Nurse Properly Fired and Denied Unemployment Due to Facebook Rant

Guevarra worked as a staff nurse at Seton Medical Center for 12 years. In mid-May 2011, shortly before she went to work, she posted the following Facebook post:

Instead of spending my birthday celebrating, I will be working all night cleaning up feces. I loathe that effin heffer!!! Burn in hell you effed up spawn of satan. I curse you and wish you a lifetime of pain and suffering. That is not enough, right now I would give anything you small you down and pound you to unconsciousness. ‘Tang ina* mo!!!!!

Thanks to the effin heifer who royally effect up my schedule, not only am I working Mothers Day, my birthday and my anniversary. And this Friday, I will be getting the smallest paycheck I had in 12 years due to the 17 percent pay cut we had to endure.

A co-worker who was Facebook friends with Guevarra shared the post with Seton, who called the police. Although Guevarra had previously received no reprimands or prior warnings, the next day she was terminated.

Guevarra sought unemployment. An initial administrative determination found her eligible for unemployment, but an ALJ reversed, finding that her Facebook rant disqualified her for benefits. The ALJ said that her statement violated Seton’s policy prohibiting “threatening, intimidating, coercing, harassing, [and] using abusive language or behavior.” The ALJ distinguished this from a “single hot-headed remark.” Instead, it was a statement disseminated to a “broad audience” which included co-workers.

Guevarra tried to appeal the ALJ’s ruling but ran into some procedural snafus. Among other things, she failed to name her employer (Seton). She then sued Seton in state court, asserting a variety of claims. The bulk of these were dismissed on summary judgment. After a bench trial, the remaining claims were also dismissed. The court said that Guevarra’s post was a credible threat of violence, and she wasn’t whistleblowing.

That brings us to Guevarra’s present lawsuit, asserting claims against the California Unemployment Insurance Appeals Board, its chairman Dresser, and Seton. Predictably, these claims fail as well. Her claims against the CUIAB and Dresser are a thinly-veiled appeal over the state court ruling, and in any event both CUIAB and Dresser enjoy immunity.  Her breach of contract claim against Seton is barred by her failure to exhaust her available grievance procedures. Finally, the court says, with respect to her claim under the California constitution, that the California state constitution does not provide a cause of action against private employers.

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Another example of someone engaging in what ten years ago would have been a throwaway rant to a co-worker over coffee or a beer, but now that it’s posted online and can be shared to a broader audience, including co-workers and bosses, leads to with fairly severe consequences. As with other similar cases, the fact that the post was shared to a group of “friends” does not afford the employee any cover. Seton surely should be within its right to fire her, although (1) she’s close to complaining about her employment conditions, and you wonder how this would resolve under NLRB rules (to the extent they are applicable), and (2) Seton was likely over-reacting given that it called the police in response to her tweet.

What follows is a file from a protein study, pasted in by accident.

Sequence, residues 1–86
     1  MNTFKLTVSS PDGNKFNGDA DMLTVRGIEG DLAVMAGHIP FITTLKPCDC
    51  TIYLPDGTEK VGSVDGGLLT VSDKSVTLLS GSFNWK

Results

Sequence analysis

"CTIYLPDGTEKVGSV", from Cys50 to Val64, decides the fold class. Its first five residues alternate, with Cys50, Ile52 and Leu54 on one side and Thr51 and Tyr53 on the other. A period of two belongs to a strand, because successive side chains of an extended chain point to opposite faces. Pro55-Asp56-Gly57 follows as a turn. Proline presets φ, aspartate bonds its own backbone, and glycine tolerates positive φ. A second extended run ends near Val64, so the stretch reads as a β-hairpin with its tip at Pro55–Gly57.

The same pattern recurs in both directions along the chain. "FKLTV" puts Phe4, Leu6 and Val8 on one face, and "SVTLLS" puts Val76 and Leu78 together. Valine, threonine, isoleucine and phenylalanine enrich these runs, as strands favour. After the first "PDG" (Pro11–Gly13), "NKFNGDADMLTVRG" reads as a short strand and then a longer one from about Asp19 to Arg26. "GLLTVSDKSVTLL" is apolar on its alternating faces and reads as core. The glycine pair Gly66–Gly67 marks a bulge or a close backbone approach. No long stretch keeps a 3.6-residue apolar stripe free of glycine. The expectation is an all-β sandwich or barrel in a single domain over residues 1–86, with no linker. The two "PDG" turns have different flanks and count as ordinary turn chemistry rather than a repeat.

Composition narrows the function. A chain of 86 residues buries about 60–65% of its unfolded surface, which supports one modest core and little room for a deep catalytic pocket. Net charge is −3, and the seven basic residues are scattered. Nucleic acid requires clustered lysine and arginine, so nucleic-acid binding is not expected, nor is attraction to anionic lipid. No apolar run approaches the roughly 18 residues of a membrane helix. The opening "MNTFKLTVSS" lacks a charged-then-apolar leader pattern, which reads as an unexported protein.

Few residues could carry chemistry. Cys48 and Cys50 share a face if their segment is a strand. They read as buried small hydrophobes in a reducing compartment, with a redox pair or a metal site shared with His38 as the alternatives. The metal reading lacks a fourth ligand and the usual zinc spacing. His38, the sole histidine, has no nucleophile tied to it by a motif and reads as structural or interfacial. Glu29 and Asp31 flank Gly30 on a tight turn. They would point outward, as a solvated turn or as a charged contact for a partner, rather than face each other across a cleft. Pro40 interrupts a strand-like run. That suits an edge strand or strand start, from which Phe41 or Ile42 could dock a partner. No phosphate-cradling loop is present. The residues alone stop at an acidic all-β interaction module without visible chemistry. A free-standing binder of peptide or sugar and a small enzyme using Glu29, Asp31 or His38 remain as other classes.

Unfortunately for her, she doesn’t get unemployment benefits, notwithstanding the initial determination that her post wasn’t really misconduct “connected with work” in any way. We’ve seen at least one other case where someone was denied unemployment benefits due to a social media rant, so this is not an entirely surprising conclusion. See Employee’s Twitter Rant Means He Doesn’t Get Unemployment Benefits–Burns v. UCBR.

I don’t know what else there is to say. Otherwise satisfactorily-performing employees are increasingly in hot water due to social media postings. It doesn’t make sense to restrict employers in how they deal with these instances, but the result does seem somewhat harsh from the employee standpoint.

[* Urban Dictionary was somewhat inconclusive on the translation for tangina. We’ve previously addressed the “heffa”/heffer epithet.]

UPDATE: See our more recent post on a similar case: More Proof That Facebook Isn’t The Right Place To Bitch About Your Job–Talbot v. Desert View

Other coverage: Facebook Rant Ends in Firing for Nurse; Court Nixes Contract, Free Speech Claims

Case citationGuevarra v. Seton Med. Ctr., 2013 BL 333932, No. 4:13-cv-02267  (N.D. Cal. Dec. 2, 2013)

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Private Employers and Employee Facebook Gaffes [Revisited] and the prior post Do Employers Really Tread a Minefield When Firing Employees for Facebook Gaffes?

School District Didn’t Violate First Amendment for Reassigning Teacher Who Blogged–Richerson v. Beckon

Employee Blogging Risks

Employee Terminated for Facebook Message Fails to State Public Policy Claim — Barnett v. Aultman

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Court Upholds Doocing for Snarky Facebook Post

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